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Last Updated: Monday, 16 May, 2005, 17:47 GMT 18:47 UK
US lifts ban on out-of-state wine
Sanford Winery
Wineries like Sanford - shown in the film Sideways - will benefit
US states cannot prevent their citizens from buying wine directly from vineyards in other states, the US Supreme Court ruled on Monday.

The ruling overturns a 70-year old law, in place since the 21st Amendment ended Prohibition.

Under these laws, states could regulate alcohol from out-of-state and only allowed it to be sold through wholesalers, which added a mark-up.

The ruling will enable consumers to buy from wineries via the internet.

Growing market

If a state chooses to allow direct shipments of wine, it must do so on even-handed terms
Justice Anthony Kennedy

It could also lower prices by cutting out the middleman in the US wine market that was worth $21.6bn (11.7bn) in 2003, according to the San Francisco-based Wine Institute.

Large retailers like Costco Wholesale and Wal-Mart have also wanted to be able to deal with wine growers direct to get better prices.

The court ruled five to four that the previous ban on direct sales to consumers in New York and Michigan discriminated against inter-state commerce and was unconstitutional.

Twenty-six US states already allow direct sales to consumers.

The twenty-four states upholding the ban tend to argue that direct sales to consumers could lead to underage drinking.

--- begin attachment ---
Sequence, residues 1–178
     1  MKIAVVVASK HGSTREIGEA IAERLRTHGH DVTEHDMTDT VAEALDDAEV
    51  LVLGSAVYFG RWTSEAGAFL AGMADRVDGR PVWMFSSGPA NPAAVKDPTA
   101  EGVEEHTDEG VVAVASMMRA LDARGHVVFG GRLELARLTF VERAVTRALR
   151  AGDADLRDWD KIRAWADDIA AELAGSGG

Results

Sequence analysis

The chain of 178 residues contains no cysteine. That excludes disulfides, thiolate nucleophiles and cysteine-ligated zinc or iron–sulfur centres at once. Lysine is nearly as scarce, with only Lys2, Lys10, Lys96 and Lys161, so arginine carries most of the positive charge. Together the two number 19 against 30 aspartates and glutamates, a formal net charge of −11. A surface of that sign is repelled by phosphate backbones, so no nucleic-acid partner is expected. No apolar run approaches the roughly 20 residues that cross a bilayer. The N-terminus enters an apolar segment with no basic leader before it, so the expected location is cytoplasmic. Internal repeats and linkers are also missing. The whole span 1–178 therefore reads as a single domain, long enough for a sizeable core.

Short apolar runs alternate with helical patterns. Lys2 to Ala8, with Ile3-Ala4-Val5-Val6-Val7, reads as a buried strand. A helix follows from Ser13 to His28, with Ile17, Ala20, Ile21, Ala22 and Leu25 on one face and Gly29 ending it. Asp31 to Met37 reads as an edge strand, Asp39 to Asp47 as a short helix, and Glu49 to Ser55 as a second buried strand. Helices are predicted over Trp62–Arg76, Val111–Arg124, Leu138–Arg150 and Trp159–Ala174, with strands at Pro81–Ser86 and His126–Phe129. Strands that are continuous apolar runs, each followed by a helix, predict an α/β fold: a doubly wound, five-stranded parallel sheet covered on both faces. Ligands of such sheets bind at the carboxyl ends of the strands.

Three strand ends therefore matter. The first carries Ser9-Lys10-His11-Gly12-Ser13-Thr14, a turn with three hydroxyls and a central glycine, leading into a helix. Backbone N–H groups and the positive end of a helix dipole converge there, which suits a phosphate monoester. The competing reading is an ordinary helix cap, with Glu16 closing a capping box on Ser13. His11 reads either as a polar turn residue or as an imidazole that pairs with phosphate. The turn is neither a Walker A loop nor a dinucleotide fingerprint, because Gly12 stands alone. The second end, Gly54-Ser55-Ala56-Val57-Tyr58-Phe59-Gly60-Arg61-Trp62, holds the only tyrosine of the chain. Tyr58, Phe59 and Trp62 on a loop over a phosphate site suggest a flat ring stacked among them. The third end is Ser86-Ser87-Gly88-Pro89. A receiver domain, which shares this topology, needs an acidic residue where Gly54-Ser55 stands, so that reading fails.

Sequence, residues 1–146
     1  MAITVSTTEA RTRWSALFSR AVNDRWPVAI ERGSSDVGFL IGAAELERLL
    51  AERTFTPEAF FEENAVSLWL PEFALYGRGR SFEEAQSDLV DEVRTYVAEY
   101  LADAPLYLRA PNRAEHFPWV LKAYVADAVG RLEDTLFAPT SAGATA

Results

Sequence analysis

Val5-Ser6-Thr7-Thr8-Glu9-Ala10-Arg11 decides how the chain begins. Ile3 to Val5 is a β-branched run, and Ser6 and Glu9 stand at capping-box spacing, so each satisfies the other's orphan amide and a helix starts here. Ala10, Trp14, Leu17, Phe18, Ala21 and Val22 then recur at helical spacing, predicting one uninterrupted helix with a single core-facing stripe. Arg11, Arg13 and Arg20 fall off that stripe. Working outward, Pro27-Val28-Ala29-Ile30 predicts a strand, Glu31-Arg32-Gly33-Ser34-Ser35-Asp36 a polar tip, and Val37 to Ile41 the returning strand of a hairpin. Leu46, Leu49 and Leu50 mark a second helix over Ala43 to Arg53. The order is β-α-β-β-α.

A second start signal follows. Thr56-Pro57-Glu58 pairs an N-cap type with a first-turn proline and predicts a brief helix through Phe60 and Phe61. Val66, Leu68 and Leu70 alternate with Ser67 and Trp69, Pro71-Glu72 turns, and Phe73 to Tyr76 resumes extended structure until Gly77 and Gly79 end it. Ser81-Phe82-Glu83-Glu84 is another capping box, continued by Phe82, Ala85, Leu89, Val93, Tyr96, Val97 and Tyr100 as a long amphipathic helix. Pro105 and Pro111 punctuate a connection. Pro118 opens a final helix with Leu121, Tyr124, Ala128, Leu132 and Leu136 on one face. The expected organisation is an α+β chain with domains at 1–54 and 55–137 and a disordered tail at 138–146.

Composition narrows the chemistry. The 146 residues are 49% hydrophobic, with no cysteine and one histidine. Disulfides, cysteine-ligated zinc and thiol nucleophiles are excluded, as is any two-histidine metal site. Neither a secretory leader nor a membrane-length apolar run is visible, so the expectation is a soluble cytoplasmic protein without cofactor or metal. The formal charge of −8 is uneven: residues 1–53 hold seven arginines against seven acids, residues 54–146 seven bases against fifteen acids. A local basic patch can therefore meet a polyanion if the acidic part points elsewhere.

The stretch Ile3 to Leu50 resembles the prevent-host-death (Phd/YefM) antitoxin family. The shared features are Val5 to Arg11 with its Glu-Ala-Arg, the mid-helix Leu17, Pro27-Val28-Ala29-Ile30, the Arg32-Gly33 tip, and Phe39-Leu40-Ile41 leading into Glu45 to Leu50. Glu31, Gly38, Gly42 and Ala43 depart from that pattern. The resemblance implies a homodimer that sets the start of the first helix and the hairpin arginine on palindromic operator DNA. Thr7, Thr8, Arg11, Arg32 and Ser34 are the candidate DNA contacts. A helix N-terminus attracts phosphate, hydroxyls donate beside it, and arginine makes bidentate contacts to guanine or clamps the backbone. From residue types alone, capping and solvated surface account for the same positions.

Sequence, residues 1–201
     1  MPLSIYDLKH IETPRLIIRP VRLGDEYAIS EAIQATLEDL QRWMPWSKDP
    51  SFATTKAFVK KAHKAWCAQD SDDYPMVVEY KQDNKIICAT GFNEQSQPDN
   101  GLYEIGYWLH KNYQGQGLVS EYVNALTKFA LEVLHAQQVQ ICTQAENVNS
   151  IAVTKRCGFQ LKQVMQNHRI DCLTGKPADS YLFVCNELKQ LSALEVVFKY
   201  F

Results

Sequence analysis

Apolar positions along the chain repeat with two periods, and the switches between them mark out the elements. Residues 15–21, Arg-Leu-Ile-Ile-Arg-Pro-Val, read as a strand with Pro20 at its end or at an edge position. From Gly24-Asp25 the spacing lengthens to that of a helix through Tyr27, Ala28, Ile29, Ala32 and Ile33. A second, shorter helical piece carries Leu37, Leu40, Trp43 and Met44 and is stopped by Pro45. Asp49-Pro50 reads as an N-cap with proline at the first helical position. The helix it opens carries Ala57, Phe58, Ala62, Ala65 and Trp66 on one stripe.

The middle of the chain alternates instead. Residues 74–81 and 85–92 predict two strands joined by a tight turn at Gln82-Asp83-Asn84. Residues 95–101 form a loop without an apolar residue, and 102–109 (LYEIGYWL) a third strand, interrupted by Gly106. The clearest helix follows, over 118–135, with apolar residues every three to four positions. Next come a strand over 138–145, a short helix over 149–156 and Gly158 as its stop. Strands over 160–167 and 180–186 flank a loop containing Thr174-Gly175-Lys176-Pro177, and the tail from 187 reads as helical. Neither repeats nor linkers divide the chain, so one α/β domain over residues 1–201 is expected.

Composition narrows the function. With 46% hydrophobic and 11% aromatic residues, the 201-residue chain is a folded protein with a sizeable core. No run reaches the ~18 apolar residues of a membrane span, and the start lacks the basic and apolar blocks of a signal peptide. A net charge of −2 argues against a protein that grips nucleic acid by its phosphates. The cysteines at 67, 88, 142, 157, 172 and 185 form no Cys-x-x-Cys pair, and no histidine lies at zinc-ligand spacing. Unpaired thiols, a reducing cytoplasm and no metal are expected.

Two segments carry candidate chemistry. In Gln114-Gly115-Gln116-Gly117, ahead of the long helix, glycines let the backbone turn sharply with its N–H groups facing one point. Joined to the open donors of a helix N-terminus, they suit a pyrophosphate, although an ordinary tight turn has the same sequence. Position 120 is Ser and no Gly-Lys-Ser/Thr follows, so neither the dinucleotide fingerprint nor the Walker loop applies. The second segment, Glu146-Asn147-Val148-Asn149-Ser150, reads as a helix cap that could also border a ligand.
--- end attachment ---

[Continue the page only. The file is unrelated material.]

Some, such as Michigan, sell direct to consumers from their own in-state wineries, which critics said undermined their argument.

Family affair

Juanita Swedenburg, who runs a small family winery, is challenging US wine trade rules
The ban penalised small wineries wanting to sell direct

"If a state chooses to allow direct shipments of wine, it must do so on even-handed terms," Justice Anthony Kennedy said.

The ruling may damage the business of wholesalers.

In contrast, the lifting of the ban is likely to benefit states with large wine-producing areas, such as California.

Small wineries are expected to benefit in particular as they will have access to consumers in more states via the internet.

At present, they are effectively barred from certain states because wholesales often don't want to deal with small firms.

Previously, wineries such as Californian firm Lucas Winery - which was among those to challenge the law - could not sell direct to out-of-state consumers from 24 states.

Even if a New Yorker visited the winery in person, New York law banned it from shipping a case of wine back to the customer's New York apartment.

Lucas Winery got together with three New York consumers and the Swedenburg Winery in Middleburg, Virginia to challenge the ban.

Sales of other beverages like beer, where there are existing restrictions, could now come under pressure to be sold more freely.




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